At press time, according to CryptoCompare, ETH is trading at $120.15, down 7.31% in the past 24-hour period.

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Bitcoin Hashrate Reaches All-Time High, As BTC Halving Event Approaches

Bitcoin’s (BTC) hashrate recently reached an all-time high according to data from Blockchain.com, a leading London-based block explorer service.

Bitcoin network’s hashrate, which represents the amount of computing resources being dedicated towards providing security for the cryptocurrency’s blockchain (among other uses), has been climbing steadily in the past few months.

Higher Hashrate Suggests Increased Interest in Mining Bitcoin

Available data from June 19, 2019 shows that Bitcoin’s hashrate currently stands at around 65.19 trillion hashes per second (TH/s). Notably, the BTC blockchain’s hashing power began to increase significantly as the pseudonymous cryptocurrency’s price crossed the $9,000 and then $10,000 mark.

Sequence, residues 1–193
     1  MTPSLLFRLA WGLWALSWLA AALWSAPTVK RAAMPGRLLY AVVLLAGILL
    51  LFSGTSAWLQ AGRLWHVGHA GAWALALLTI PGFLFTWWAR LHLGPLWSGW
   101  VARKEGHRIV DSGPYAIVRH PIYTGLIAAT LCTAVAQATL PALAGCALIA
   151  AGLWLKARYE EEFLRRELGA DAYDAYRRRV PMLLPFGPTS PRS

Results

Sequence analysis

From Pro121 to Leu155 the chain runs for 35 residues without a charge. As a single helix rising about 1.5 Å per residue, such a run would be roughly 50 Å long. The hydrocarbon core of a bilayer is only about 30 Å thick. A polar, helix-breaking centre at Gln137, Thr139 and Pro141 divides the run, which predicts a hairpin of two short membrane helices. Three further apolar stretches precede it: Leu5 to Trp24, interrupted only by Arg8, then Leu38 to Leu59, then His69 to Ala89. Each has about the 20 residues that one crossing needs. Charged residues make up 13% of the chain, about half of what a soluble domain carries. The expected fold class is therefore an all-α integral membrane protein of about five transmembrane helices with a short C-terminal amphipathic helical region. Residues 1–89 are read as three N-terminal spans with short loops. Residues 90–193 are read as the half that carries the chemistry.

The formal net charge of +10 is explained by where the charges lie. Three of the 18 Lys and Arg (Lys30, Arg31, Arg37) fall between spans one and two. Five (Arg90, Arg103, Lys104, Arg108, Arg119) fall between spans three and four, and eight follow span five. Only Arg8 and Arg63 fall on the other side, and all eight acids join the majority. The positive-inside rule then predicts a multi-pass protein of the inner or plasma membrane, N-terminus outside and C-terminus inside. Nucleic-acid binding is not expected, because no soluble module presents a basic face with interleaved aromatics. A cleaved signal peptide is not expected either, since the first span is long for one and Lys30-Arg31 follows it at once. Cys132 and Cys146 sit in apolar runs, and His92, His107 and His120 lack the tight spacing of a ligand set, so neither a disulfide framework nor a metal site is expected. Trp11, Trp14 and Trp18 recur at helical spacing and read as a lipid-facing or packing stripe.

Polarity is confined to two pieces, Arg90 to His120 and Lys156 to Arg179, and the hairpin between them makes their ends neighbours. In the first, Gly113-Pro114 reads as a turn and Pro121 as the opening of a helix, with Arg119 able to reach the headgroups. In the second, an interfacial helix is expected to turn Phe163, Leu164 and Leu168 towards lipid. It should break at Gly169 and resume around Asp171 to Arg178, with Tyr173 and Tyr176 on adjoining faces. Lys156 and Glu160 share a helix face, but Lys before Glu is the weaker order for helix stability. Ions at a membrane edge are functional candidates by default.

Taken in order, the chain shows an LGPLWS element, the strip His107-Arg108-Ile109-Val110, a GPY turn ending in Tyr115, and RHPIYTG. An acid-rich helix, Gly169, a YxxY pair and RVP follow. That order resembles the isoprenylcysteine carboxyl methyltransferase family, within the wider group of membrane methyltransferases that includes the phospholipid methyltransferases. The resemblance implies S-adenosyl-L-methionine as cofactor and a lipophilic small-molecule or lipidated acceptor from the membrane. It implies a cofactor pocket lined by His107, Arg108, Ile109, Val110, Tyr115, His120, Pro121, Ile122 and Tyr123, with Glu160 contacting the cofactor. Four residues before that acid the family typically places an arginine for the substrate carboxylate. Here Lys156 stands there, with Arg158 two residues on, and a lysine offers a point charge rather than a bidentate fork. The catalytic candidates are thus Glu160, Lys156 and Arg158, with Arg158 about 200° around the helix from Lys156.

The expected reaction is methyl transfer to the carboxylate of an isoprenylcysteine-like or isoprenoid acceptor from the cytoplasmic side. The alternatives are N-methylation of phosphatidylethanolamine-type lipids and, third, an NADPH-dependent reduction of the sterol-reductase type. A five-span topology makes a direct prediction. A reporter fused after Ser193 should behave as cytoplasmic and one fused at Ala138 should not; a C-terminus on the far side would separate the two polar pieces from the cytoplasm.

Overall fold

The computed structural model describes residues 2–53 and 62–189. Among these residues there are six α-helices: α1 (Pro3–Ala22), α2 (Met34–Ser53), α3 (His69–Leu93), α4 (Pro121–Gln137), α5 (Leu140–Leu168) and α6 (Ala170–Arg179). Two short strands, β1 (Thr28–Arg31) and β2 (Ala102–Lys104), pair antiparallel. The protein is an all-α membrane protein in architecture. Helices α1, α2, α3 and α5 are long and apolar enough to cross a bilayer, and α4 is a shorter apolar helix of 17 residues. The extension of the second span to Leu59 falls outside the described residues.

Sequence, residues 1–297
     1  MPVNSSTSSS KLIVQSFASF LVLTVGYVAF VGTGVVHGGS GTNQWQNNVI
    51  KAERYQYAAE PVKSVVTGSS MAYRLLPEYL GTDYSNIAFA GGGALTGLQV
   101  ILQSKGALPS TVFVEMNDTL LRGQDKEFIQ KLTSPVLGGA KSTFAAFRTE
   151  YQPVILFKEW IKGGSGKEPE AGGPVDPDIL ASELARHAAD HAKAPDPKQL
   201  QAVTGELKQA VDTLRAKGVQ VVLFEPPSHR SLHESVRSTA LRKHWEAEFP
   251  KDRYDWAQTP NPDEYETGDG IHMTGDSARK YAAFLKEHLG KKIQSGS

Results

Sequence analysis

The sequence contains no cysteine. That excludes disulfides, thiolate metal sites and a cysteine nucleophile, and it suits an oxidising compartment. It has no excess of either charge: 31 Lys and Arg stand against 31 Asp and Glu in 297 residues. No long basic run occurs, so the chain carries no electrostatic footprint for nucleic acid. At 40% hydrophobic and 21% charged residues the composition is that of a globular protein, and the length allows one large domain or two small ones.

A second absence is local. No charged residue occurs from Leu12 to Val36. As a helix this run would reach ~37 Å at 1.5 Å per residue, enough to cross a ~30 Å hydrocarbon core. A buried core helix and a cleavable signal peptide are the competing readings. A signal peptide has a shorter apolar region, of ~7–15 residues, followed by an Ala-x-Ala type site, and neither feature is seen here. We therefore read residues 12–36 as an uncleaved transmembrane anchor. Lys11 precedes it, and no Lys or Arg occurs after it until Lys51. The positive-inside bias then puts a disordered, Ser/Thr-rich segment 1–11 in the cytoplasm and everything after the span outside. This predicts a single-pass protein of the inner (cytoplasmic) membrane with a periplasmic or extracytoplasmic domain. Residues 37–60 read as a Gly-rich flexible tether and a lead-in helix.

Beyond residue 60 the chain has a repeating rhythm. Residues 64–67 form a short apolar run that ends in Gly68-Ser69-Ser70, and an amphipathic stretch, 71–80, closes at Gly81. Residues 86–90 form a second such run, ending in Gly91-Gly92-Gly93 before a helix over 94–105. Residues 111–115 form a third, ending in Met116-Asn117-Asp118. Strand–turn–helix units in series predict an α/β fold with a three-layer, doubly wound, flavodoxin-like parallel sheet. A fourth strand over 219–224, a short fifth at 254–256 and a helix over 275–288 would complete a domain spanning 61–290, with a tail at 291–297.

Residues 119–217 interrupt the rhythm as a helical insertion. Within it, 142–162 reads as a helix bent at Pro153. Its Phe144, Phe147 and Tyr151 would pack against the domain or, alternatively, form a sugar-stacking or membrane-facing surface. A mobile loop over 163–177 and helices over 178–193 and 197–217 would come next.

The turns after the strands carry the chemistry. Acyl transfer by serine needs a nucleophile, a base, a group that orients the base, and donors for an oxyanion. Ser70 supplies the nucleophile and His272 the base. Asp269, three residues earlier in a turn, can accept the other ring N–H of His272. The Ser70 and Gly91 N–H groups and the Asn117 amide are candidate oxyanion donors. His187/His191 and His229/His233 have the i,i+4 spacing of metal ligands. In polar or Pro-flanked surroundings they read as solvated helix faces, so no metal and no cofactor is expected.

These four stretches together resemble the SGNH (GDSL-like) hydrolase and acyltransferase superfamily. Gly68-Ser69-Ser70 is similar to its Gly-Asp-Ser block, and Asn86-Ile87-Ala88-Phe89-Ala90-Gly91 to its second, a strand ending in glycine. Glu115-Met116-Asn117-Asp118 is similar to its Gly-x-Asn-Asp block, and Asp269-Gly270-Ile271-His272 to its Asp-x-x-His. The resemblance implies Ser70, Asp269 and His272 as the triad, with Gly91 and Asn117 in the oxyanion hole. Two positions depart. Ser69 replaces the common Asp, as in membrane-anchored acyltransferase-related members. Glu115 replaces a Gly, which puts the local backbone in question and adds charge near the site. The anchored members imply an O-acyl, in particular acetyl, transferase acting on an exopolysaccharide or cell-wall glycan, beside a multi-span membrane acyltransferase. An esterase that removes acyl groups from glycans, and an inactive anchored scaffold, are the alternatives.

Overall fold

In addition to improving the security of the Bitcoin blockchain, a higher hashrate indicates that the overall interest in mining BTC has surged - presumably due to the recovery made by the bitcoin price and also that of other major cryptoassets.

Hashrate May Be Used to “Hack Humans to Create Gold 2.0”

Commenting on the rising hashrate, Wall Street veteran and Bitcoin bull Max Keiser remarked via Twitter that an increase in hash power results in a considerable price increase for Bitcoin in most cases. Keiser believes that even some of bitcoin’s biggest supporters fail to understand the importance of hashrate.

The experienced financial analyst remarked:

[Hashrate can be thought of as] Satoshi’s ability to hack humans to create Gold 2.0.